“Keep It Fake” is Louisville Vegan Jerky’s mantra, but the brand does so in a very real way. Since its founding in 2012, the company has stuck to seasoning and bagging its soy-based jerky, which is made in small batches using non-GMO soy and local maple syrup and sorghum, by hand. Uniquely, Louisville Jerky offers a Jerky of the Month Club that includes three bags of jerky per month.

The jerky is available in five varieties: Pete’s Bourbon Smoked Black Pepper, Todd’s Bourbon Smoked Chipotle, Enid’s Sriracha Maple, Carrie’s Sesame Teriyaki, and Paulette’s Maple Bacon. Each 1-oz serving contains 6 or 7 g protein and 70 to 90 kcal. This jerky is a bit higher in sodium, with 480 to 560 mg (20% to 23% DV) per serving. All varieties are a good source of iron.

Smart Jerky
Lightlife has been a significant player in the faux meat market since 1979 with products such as Fakin’ Bacon, Tofu Pups, Smart Dogs (one of my favorite childhood treats—they’re that old!), Meatless Bowls, and Gimme Lean Sausage. It expanded to release its soy- and wheat-based Vegan Smart Jerky in September of last year.

Smart Jerky comes in Original and Teriyaki varieties. Original contains 90 kcal, 480 mg sodium, and 9 g protein, while Teriyaki contains 100 kcal, 570 mg sodium, and 9 g protein per 1-oz serving.

Stonewall’s Jerquee
Soy-based Stonewall’s Jerquee is available online in nine unique varieties: Original Mild, BBQ “Beef,” Teriyaki “Beef,” Tandoori “Chicken,” Country “Bacon,” Original Wild, Spicy “Chicken,” Peppy “Pepperoni,” and Hot “Pastrami.” (Note: BBQ “Beef” is not vegan.)

The jerkies contain 152 to 177 kcal, 437 to 537 mg sodium, and 12 to 14 g protein per 1.5-oz serving. They also stand out at 3 to 4 g fiber, 27% DV iron, and 16% DV calcium per serving.

Unisoy Vegan Jerky
Based in Los Angeles, Unisoy offers three varieties of vegan jerky: Cracked Black Pepper, Mild Spicy, and Teriyaki. The jerky is made from non-GMO textured vegetable protein, which has a soy and wheat base.

Unisoy’s jerky is the lowest in sodium of the brands in this article, with 220 to 280 mg per 1-oz serving (9% to 11% DV). Each serving also contains 90 kcal and 6 or 7 g protein.

Many in the vegan and vegetarian community will be happy sticking solely with protein sources such as pulses, tofu, and nuts and seeds. But for those of us who crave a convenient source of grab ’n’ go protein every once in a while, or who are simply looking for a savory snack with a bit more nutrition, vegan meat snacks may be the answer. There certainly are many to choose from!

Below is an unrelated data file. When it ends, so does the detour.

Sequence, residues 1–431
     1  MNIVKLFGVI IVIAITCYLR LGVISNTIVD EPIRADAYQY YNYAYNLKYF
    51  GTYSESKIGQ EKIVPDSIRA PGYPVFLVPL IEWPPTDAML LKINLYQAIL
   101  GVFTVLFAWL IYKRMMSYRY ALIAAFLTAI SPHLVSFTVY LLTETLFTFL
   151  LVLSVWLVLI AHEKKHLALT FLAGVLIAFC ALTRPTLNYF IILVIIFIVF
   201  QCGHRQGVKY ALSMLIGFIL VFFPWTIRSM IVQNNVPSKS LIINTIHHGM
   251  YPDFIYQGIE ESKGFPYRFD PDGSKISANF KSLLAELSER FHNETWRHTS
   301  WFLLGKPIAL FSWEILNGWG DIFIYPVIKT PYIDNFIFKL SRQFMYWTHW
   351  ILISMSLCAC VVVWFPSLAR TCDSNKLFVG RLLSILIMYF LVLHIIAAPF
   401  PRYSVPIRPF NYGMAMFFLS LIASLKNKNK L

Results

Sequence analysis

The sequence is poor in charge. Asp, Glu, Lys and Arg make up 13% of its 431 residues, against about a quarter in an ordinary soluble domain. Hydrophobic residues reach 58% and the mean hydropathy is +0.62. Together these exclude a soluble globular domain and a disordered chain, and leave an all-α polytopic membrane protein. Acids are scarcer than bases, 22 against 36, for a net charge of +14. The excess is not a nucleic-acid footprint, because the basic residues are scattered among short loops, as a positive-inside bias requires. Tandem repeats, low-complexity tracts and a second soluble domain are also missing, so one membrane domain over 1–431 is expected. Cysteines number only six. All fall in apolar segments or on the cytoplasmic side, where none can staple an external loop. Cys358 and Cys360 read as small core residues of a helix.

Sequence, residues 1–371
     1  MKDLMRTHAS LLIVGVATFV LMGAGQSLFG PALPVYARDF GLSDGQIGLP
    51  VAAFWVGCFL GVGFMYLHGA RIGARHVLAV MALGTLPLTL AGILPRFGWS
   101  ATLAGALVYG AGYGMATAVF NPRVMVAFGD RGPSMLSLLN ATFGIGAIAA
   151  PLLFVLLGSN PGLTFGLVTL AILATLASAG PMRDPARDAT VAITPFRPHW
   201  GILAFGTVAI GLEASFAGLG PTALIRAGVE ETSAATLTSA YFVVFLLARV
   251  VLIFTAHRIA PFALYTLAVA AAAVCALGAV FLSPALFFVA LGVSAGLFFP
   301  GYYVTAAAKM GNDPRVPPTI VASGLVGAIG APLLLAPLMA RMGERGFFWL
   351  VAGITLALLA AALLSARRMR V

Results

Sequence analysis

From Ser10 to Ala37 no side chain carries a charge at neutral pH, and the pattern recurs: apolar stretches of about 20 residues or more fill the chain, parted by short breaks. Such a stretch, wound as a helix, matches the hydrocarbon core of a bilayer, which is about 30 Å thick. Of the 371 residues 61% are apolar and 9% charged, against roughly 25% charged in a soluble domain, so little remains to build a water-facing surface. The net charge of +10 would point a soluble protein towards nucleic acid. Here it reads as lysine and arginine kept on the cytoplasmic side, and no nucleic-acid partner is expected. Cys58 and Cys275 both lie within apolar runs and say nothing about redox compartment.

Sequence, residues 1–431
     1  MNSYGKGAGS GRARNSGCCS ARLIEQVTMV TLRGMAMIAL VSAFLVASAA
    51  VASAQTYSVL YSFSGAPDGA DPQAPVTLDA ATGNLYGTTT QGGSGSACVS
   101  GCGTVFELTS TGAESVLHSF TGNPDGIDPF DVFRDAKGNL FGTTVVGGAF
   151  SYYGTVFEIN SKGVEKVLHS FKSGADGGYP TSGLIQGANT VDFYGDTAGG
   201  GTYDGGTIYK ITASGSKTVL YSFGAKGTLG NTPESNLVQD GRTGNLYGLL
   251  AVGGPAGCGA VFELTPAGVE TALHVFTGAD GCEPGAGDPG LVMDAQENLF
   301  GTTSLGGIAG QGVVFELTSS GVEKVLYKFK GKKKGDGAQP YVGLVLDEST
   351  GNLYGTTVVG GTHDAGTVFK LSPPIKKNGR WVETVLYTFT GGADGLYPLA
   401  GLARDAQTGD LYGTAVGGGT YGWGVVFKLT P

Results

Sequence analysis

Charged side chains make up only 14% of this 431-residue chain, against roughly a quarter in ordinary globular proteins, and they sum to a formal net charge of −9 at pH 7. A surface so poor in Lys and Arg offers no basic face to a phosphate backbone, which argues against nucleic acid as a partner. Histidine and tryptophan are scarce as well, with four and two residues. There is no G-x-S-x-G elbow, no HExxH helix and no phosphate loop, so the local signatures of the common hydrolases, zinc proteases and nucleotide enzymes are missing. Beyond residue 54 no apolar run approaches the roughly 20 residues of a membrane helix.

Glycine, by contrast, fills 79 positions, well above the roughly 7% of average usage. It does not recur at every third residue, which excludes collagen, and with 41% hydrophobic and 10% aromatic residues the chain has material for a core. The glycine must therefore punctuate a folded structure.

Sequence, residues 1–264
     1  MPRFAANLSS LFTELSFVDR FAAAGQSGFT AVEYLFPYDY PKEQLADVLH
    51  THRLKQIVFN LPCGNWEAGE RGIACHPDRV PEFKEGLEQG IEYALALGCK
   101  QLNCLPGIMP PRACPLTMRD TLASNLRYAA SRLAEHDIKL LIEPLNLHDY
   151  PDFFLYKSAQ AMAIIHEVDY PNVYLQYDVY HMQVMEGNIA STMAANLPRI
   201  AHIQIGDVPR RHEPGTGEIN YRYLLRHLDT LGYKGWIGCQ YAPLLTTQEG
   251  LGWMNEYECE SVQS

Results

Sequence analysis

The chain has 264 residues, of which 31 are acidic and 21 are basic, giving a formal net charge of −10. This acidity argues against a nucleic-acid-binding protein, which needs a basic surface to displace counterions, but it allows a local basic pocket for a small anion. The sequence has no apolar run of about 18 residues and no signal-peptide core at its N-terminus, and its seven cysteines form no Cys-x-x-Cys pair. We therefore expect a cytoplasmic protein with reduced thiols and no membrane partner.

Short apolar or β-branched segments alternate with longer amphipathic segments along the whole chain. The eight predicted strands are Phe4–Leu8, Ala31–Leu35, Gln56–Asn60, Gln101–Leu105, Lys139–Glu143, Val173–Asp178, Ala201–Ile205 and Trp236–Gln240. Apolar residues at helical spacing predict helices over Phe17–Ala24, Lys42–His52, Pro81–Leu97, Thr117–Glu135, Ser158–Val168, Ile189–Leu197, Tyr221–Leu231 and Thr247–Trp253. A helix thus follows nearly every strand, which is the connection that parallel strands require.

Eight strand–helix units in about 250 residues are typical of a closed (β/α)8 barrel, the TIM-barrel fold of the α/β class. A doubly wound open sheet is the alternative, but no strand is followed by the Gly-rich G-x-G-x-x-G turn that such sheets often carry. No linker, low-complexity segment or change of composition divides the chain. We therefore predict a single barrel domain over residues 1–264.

— Hadley Turner is an editorial assistant for Today’s Dietitian who’s excited to take some new vegan jerkies on her next hiking trip.


1. Crawford E. Soup-To-Nuts Podcast: the rise and evolution of meat snacks in America. Foodnavigator-USA.com website. http://www.foodnavigator-usa.com/Suppliers2/
. Updated October 24, 2016. Accessed May 26, 2017.

2. Watrous M. Expo East 2016: plant-based a powerful force in the food industry. Food Business News website. http://www.foodbusinessnews.net/articles/news_home/Consumer_Trends/2016/09/
. Published September 27, 2016. Accessed May 31, 2017.

3. Neilsen. Snack attack: what consumers are reaching for around the world. http://www.nielsen.com/content/dam/nielsenglobal/kr/docs/global-report/2014/Nielsen%20Global%20Snacking%20Report%20September%202014.pdf. Published September 2014. Accessed June 1, 2017.

4. Paddon-Jones D, Westman E, Mattes RD, Wolfe RR, Astrup A, Westerterp-Plantenga M. Protein, weight management, and satiety. Am J Clin Nutr. 2008;87(5):1558S-1561S.

5. A snacking nation: 94% of Americans snack daily. Mintel website. http://www.mintel.com/press-centre/food-and-drink/a-snacking-nation-94-of-americans-snack-daily. Published July 9, 2015.